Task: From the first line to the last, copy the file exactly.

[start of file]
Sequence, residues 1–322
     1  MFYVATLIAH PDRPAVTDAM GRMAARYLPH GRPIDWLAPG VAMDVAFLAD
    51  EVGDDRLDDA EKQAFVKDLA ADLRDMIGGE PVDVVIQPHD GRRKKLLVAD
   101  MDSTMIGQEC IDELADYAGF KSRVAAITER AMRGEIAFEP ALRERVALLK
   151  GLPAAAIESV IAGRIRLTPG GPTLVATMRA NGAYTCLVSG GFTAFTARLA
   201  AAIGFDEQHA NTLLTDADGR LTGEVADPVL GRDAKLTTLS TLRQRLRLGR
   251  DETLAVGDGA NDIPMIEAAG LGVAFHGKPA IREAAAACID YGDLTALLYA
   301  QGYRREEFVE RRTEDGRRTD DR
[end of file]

Sequence, residues 1–322
     1  MFYVATLIAH PDRPAVTDAM GRMAARYLPH GRPIDWLAPG VAMDVAFLAD
    51  EVGDDRLDDA EKQAFVKDLA ADLRDMIGGE PVDVVIQPHD GRRKKLLVAD
   101  MDSTMIGQEC IDELADYAGF KSRVAAITER AMRGEIAFEP ALRERVALLK
   151  GLPAAAIESV IAGRIRLTPG GPTLVATMRA NGAYTCLVSG GFTAFTARLA
   201  AAIGFDEQHA NTLLTDADGR LTGEVADPVL GRDAKLTTLS TLRQRLRLGR
   251  DETLAVGDGA NDIPMIEAAG LGVAFHGKPA IREAAAACID YGDLTALLYA
   301  QGYRREEFVE RRTEDGRRTD DR